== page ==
Regulatory Findings

The FAA determined that this AD will not have federalism implications under Executive Order 13132. This AD will not have a substantial direct effect on the States, on the relationship between the national Government and the States, or on the distribution of power and responsibilities among the various levels of government.

For the reasons discussed, I certify that this AD:

(1) Is not a “significant regulatory action” under Executive Order 12866,

(2) Will not affect intrastate aviation in Alaska, and

(3) Will not have a significant economic impact, positive or negative, on a substantial number of small entities under the criteria of the Regulatory Flexibility Act.

Start List of Subjects

List of Subjects in 14 CFR Part 39

  • Air transportation
  • Aircraft
  • Aviation safety
  • Incorporation by reference
  • Safety
End List of Subjects

Adoption of the Amendment

Accordingly, under the authority delegated to me by the Administrator, the FAA amends 14 CFR part 39 as follows:

Start Part

PART 39—AIRWORTHINESS DIRECTIVES

End Part Start Amendment Part

1. The authority citation for part 39 continues to read as follows:

End Amendment Part Start Authority

Authority: 49 U.S.C. 106(g), 40113, 44701.

End Authority
[Amended]
Start Amendment Part

2. The FAA amends § 39.13 by adding the following new airworthiness directive (AD):

End Amendment Part

2020-08-10 Robinson Helicopter Company: Amendment 39-19902; Docket No. FAA-2017-0947; Product Identifier 2017-SW-059-AD.

(a) Applicability

This AD applies to Robinson Helicopter Company (Robinson) Model R44 and R44 II helicopters, certificated in any category, with a tail rotor blade part number (P/N) C029-1 or P/N C029-2 installed.

(b) Unsafe Condition

This AD defines the unsafe condition as a crack in a tail rotor blade. This condition could result in the loss of the tail rotor and subsequent loss of control of the helicopter.

(c) Effective Date

This AD is effective May 22, 2020.

(d) Compliance

You are responsible for performing each action required by this AD within the specified compliance time unless it has already been accomplished prior to that time.

(e) Required Actions

Within 50 hours time-in-service after the effective date of this AD and thereafter before each flight:

(1) Visually check each tail rotor blade for a crack in the leading edge, paying particular attention to the area in the most inboard white paint stripe. Wipe the blades clean, if necessary, to ensure any potential crack is visible. The actions required by this paragraph may be performed by the owner/operator (pilot) holding at least a private pilot certificate and must be entered into the aircraft records showing compliance with this AD in accordance with 14 CFR 43.9(a)(1) through (4) and 14 CFR 91.417(a)(2)(v). The record must be maintained as required by 14 CFR 91.417, 121.380, or 135.439.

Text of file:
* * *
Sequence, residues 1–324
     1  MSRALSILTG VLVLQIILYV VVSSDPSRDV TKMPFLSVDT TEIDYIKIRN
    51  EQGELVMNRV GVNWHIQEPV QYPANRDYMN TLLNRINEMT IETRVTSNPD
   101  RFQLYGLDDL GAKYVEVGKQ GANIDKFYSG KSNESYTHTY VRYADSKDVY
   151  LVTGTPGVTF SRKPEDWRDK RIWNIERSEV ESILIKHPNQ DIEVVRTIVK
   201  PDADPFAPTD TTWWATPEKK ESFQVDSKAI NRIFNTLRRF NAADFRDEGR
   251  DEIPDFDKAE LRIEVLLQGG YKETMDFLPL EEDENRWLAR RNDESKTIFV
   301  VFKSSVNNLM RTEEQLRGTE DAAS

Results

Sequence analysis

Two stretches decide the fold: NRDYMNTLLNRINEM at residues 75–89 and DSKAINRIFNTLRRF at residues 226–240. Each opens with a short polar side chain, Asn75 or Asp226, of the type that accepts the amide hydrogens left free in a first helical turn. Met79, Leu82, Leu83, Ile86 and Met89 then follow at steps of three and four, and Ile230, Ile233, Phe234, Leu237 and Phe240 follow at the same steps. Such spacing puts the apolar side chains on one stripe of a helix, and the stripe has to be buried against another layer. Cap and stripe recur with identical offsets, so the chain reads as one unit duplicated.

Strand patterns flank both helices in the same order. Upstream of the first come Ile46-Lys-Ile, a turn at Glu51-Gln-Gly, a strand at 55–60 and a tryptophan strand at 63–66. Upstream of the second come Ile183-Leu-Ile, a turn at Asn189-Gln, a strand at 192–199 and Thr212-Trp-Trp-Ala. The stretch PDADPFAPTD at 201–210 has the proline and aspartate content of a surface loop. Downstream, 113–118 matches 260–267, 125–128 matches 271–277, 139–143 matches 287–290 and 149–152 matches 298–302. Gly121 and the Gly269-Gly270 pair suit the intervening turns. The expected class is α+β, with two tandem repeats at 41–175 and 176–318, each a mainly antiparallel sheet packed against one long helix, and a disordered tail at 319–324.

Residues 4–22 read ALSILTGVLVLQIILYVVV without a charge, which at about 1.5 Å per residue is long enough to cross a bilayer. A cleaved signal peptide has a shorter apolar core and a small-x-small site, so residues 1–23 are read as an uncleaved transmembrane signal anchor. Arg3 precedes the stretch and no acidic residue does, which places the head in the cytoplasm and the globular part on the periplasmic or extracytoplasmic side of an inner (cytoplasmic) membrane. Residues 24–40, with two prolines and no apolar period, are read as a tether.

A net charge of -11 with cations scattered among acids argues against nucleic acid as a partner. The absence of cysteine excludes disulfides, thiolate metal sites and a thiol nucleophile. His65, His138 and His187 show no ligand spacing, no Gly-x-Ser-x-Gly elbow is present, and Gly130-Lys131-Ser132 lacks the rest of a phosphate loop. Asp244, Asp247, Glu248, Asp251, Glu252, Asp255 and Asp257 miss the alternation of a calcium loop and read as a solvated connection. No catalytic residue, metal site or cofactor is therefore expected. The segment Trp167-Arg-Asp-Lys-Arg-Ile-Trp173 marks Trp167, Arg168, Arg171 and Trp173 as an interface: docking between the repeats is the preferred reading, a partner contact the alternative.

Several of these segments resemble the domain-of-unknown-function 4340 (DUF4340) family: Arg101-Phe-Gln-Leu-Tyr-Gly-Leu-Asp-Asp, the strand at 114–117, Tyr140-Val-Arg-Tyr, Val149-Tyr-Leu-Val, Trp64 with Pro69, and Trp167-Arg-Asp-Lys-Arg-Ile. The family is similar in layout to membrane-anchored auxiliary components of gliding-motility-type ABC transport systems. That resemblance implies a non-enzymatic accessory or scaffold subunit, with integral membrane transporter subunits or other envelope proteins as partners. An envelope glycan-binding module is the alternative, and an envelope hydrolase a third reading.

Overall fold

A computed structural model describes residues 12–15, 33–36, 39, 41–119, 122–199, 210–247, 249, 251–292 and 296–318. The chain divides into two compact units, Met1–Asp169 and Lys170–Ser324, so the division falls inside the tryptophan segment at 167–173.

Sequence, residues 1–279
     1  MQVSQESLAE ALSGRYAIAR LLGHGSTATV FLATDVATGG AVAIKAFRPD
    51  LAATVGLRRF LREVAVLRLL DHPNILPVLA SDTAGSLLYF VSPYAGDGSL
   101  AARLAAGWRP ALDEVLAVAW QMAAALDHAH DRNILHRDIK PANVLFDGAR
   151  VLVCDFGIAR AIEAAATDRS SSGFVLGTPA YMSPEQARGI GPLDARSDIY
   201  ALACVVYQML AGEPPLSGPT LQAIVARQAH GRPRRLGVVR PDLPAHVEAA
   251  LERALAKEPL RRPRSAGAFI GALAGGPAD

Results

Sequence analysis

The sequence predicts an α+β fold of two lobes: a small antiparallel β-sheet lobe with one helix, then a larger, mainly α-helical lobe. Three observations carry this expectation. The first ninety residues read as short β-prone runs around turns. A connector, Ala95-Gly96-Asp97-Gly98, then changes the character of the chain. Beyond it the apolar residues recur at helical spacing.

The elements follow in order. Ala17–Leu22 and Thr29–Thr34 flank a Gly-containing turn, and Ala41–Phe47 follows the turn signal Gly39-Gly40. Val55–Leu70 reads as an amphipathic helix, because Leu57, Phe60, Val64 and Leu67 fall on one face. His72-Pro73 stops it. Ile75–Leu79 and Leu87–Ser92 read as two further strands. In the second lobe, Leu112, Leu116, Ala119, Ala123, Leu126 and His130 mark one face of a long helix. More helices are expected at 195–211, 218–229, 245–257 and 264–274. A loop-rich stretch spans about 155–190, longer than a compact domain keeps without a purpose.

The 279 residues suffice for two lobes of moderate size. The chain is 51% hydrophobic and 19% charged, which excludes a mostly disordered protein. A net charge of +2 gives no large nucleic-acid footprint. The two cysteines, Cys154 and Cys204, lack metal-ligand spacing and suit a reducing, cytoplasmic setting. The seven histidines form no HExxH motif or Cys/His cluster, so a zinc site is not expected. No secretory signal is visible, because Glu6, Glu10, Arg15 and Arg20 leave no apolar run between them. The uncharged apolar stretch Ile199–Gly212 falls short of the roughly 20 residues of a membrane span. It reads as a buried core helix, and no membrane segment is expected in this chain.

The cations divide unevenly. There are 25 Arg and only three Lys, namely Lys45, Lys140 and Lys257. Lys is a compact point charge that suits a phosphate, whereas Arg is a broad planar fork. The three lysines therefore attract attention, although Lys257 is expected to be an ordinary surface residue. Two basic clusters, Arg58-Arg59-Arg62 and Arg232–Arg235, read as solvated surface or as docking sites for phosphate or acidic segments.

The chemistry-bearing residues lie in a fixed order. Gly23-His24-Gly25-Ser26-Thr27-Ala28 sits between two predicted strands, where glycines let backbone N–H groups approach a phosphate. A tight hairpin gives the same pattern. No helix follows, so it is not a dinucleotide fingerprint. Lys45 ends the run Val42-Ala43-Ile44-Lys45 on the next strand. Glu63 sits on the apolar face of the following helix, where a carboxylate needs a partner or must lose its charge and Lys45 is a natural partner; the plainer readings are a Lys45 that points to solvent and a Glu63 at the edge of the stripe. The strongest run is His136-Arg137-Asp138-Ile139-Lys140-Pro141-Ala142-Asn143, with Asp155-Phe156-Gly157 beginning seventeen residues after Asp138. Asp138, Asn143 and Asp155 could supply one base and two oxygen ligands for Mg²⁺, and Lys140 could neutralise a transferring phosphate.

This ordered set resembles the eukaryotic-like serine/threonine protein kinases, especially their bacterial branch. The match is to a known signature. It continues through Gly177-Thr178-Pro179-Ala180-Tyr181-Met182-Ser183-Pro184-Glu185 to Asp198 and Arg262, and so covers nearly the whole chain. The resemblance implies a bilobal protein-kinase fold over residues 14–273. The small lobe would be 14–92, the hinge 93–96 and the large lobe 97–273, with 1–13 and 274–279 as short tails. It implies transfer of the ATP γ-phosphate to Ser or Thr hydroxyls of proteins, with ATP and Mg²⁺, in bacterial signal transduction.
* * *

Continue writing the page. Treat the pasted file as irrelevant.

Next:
(2) If there is a crack, before further flight, replace the tail rotor blade.

(f) Alternative Methods of Compliance (AMOC)

(1) The Manager, Los Angeles ACO Branch, FAA, may approve AMOCs for this AD. Send your proposal to: James Guo, Aerospace Engineer, Los Angeles ACO Branch, FAA, 3960 Paramount Blvd., Lakewood, California 90712; telephone 562-627-5357; email james.guo@faa.gov.

(2) For operations conducted under a 14 CFR part 119 operating certificate or under 14 CFR part 91, subpart K, the FAA suggests that you notify your principal inspector, or lacking a principal inspector, the manager of the local flight standards district office or certificate holding district office before operating any aircraft complying with this AD through an AMOC.

(g) Related Information

Robinson Helicopter Company R44 Service Bulletin SB-83, dated May 30, 2012, which is not incorporated by reference, contains additional information about the subject of this AD. For service information identified in this AD, contact Robinson Helicopter Company, 2901 Airport Drive, Torrance, CA 90505; telephone 310-539-0508; fax 310-539-5198; or at https://robinsonheli.com/​technical-support/​. You may view a copy of information at the FAA, Office of the Regional Counsel, Southwest Region, 10101 Hillwood Pkwy., Room 6N-321, Fort Worth, TX 76177.Start Printed Page 21320

(h) Subject

Joint Aircraft Service Component (JASC) Code: 6410, Tail Rotor Blades.

Start Signature

Issued on April 13, 2020.

Gaetano A. Sciortino,

Deputy Director for Strategic Initiatives,Compliance & Airworthiness Division, Aircraft Certification Service.

End Signature End Supplemental Information

[FR Doc. 2020-08072 Filed 4-16-20; 8:45 am]

BILLING CODE 4910-13-P